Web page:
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'I was just stunned': Seeing the northern lights was a bucket list sighting for people in Windsor-Essex


As a fan of all things astronomy, Zeel Parmar has long dreamt of flying to Alaska to witness the northern lights with her own eyes — so she was shocked to find the colours of the aurora borealis shimmering over the skies of Windsor, Ont. late Friday night.

Parmar, 27, moved to Windsor last year after previously living in India and Italy.

"I remember telling my husband that the clouds look like they are emitting some kind of fiery glow," said Parmar, who said she started to see the colours of the northern lights just after 9:30 p.m. Friday.

"I was just stunned,” she said. “I was like a little baby with teary eyes. I couldn't believe this is happening in Windsor."

From Friday night into early Saturday morning, the aurora borealis illuminated skies across the country, providing a stunning celestial display for lucky observers.

Experts said this marked the most powerful geomagnetic storm in the past 20 years.

Referred to as the "aurora borealis" in the northern hemisphere, the phenomenon of lights dancing in the night sky results from a solar material explosion.

As millions of people did across the country, Parmar immediately pulled out her camera upon witnessing the lights.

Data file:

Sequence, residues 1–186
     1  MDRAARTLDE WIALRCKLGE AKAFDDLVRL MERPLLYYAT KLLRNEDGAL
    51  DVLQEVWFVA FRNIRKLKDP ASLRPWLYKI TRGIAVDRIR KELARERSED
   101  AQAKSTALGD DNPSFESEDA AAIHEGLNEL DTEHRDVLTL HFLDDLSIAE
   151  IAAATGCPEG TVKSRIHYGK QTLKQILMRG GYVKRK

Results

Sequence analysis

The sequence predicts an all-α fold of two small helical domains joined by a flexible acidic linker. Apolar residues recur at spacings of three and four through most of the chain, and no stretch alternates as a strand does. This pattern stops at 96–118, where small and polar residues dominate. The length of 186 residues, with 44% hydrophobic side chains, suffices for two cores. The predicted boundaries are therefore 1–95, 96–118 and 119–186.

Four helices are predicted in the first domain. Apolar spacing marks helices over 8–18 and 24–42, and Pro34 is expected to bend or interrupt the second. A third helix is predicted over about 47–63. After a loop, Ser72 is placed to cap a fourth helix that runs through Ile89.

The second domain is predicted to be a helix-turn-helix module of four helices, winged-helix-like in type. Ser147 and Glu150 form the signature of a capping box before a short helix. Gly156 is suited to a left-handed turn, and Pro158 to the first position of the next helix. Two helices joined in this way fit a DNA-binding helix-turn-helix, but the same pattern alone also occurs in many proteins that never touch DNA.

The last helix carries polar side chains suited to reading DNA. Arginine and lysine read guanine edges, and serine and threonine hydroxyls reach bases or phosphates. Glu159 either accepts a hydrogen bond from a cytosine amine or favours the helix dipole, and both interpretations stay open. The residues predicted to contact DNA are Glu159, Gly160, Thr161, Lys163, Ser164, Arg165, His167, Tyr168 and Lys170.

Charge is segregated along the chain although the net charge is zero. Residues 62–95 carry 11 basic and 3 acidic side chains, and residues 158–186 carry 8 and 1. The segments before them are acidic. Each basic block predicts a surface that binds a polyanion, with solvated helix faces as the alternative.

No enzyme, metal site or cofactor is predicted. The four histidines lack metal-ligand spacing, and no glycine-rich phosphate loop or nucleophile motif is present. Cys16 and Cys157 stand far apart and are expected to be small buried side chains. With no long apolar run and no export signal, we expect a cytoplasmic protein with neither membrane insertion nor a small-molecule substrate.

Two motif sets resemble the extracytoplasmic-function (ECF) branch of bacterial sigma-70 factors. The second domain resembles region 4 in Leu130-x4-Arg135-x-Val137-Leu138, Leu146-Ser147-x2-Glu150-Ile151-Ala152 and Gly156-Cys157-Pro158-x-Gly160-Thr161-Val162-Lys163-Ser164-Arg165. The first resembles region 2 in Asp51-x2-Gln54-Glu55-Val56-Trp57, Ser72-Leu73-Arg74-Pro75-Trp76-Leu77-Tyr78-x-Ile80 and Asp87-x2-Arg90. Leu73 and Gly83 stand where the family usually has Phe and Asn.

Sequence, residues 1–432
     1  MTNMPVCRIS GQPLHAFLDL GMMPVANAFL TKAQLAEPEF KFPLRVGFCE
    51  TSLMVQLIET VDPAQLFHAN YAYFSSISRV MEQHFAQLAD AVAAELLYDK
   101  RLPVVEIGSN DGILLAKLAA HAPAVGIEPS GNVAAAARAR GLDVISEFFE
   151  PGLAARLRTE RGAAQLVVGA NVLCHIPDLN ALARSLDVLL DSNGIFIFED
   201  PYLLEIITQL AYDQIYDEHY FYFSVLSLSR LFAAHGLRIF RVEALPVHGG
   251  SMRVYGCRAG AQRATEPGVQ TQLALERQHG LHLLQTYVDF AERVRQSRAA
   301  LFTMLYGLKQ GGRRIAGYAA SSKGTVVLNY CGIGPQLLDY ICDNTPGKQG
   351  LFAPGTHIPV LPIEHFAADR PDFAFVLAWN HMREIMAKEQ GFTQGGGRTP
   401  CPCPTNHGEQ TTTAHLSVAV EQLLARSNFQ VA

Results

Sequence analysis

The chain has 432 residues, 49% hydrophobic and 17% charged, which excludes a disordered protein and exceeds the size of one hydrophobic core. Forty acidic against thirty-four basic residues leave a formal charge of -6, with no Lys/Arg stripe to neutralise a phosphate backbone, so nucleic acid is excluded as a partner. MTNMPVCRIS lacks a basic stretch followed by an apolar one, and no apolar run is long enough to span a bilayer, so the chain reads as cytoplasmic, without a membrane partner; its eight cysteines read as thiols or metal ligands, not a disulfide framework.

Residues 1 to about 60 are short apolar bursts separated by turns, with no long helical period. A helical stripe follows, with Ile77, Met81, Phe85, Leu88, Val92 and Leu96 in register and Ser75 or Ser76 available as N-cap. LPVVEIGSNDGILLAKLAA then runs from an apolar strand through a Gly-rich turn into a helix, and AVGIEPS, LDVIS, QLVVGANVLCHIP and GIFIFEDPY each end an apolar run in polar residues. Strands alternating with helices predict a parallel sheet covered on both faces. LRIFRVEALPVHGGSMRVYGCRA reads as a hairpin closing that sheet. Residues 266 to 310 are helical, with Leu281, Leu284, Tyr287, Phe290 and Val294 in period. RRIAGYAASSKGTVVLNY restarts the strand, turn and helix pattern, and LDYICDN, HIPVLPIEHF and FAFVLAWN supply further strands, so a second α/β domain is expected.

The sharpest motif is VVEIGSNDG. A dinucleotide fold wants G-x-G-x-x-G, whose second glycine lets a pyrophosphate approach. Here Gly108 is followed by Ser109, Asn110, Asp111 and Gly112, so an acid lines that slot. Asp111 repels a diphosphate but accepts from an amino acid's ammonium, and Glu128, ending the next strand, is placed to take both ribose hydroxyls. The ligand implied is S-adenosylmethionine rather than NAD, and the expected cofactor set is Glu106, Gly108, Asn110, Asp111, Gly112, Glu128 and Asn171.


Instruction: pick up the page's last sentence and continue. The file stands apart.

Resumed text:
"Being a photographer, of course, that's the first thing I would do," she said. "With all the light pollution in Windsor, I don't know how it was so visible. It seemed like it was right above our head."

But not everyone was so lucky to witness the lights however.

One simple reason for why, according to CTV News' Science and Technology Specialist Dan Riskin, was simply the time at which the lights were visible.

"A lot of people missed this because they were sleeping and they'll be forgiven. I like to try and get to bed at an early hour so even I missed a lot of it," said Riskin.

For many people living away from shoreline areas, it's likely they were unable to see the northern lights because of light pollution.

"It might be that you don't really notice the light pollution on a day-to-day basis. Maybe it's the city. Maybe it's agricultural areas that are growing things in a greenhouse which are giving off a ton of light," said Riskin. "Those can really interfere with your ability to see the northern lights. They can become quite faint."

But if you've noticed that most northern lights photos on social media are taken from places near the shore -- such as Puce, Belle River or Leamington -- Riskin explained that being close to large bodies of water doesn't really change how strong the northern lights are.

"It really has to do with how high up you are on the globe, how close you are to the North Pole or South Pole and if those particles are hitting when it's dark, because a lot of the particles hit when the sun's out, and then nobody sees anything," he said.

Todd Shearon, who teaches in Windsor, was one of the lucky ones who saw the northern lights Friday night.

"It was beautiful and magnificent," said Shearon. "I didn't have to travel to the Northwest Territories to see it, so that's cool."

As for Parmar, she said seeing the aurora borealis from Windsor checked an item off her bucket list — but she still plans on seeing the northern lights in Alaska with her husband one day.

"I'm not yet done with this dream," said Parmar. Top Stories

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